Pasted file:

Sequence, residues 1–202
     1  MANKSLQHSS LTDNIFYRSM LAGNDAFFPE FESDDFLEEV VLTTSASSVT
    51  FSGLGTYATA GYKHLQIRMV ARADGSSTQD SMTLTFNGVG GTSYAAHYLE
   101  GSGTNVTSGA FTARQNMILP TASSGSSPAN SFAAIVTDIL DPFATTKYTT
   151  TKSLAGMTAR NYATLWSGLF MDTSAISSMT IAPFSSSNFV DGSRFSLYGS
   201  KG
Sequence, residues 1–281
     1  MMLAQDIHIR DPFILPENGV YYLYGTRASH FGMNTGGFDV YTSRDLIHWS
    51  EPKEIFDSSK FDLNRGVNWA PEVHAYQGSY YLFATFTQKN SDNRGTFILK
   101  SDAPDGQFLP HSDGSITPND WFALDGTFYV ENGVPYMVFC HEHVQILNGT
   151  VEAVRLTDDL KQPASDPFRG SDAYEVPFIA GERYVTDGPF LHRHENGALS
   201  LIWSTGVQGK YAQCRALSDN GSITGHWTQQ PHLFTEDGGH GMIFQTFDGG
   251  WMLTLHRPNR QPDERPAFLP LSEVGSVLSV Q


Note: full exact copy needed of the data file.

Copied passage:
Sequence, residues 1–202
     1  MANKSLQHSS LTDNIFYRSM LAGNDAFFPE FESDDFLEEV VLTTSASSVT
    51  FSGLGTYATA GYKHLQIRMV ARADGSSTQD SMTLTFNGVG GTSYAAHYLE
   101  GSGTNVTSGA FTARQNMILP TASSGSSPAN SFAAIVTDIL DPFATTKYTT
   151  TKSLAGMTAR NYATLWSGLF MDTSAISSMT IAPFSSSNFV DGSRFSLYGS
   201  KG
Sequence, residues 1–281
     1  MMLAQDIHIR DPFILPENGV YYLYGTRASH FGMNTGGFDV YTSRDLIHWS
    51  EPKEIFDSSK FDLNRGVNWA PEVHAYQGSY YLFATFTQKN SDNRGTFILK
   101  SDAPDGQFLP HSDGSITPND WFALDGTFYV ENGVPYMVFC HEHVQILNGT
   151  VEAVRLTDDL KQPASDPFRG SDAYEVPFIA GERYVTDGPF LHRHENGALS
   201  LIWSTGVQGK YAQCRALSDN GSITGHWTQQ PHLFTEDGGH GMIFQTFDGG
   251  WMLTLHRPNR QPDERPAFLP LSEVGSVLSV Q